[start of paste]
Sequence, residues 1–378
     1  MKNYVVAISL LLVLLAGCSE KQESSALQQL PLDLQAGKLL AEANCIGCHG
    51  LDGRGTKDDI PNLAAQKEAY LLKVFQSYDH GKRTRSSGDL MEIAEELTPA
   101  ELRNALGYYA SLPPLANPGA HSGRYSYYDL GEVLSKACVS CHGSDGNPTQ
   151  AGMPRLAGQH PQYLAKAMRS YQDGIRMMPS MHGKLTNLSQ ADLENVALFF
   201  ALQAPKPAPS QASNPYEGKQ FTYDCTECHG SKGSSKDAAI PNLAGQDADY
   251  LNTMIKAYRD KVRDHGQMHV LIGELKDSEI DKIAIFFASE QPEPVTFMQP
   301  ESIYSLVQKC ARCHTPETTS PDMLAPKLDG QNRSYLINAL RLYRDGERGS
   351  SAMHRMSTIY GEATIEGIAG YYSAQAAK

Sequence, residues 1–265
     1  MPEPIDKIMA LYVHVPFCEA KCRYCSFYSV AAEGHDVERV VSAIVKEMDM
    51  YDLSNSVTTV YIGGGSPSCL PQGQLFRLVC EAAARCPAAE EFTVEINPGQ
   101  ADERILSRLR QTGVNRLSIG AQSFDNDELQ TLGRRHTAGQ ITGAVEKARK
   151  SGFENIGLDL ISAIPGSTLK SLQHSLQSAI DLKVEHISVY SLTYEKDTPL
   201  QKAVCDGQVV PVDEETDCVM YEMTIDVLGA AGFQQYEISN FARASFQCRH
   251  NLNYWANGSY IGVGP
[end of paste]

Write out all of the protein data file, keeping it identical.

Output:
Sequence, residues 1–378
     1  MKNYVVAISL LLVLLAGCSE KQESSALQQL PLDLQAGKLL AEANCIGCHG
    51  LDGRGTKDDI PNLAAQKEAY LLKVFQSYDH GKRTRSSGDL MEIAEELTPA
   101  ELRNALGYYA SLPPLANPGA HSGRYSYYDL GEVLSKACVS CHGSDGNPTQ
   151  AGMPRLAGQH PQYLAKAMRS YQDGIRMMPS MHGKLTNLSQ ADLENVALFF
   201  ALQAPKPAPS QASNPYEGKQ FTYDCTECHG SKGSSKDAAI PNLAGQDADY
   251  LNTMIKAYRD KVRDHGQMHV LIGELKDSEI DKIAIFFASE QPEPVTFMQP
   301  ESIYSLVQKC ARCHTPETTS PDMLAPKLDG QNRSYLINAL RLYRDGERGS
   351  SAMHRMSTIY GEATIEGIAG YYSAQAAK

Sequence, residues 1–265
     1  MPEPIDKIMA LYVHVPFCEA KCRYCSFYSV AAEGHDVERV VSAIVKEMDM
    51  YDLSNSVTTV YIGGGSPSCL PQGQLFRLVC EAAARCPAAE EFTVEINPGQ
   101  ADERILSRLR QTGVNRLSIG AQSFDNDELQ TLGRRHTAGQ ITGAVEKARK
   151  SGFENIGLDL ISAIPGSTLK SLQHSLQSAI DLKVEHISVY SLTYEKDTPL
   201  QKAVCDGQVV PVDEETDCVM YEMTIDVLGA AGFQQYEISN FARASFQCRH
   251  NLNYWANGSY IGVGP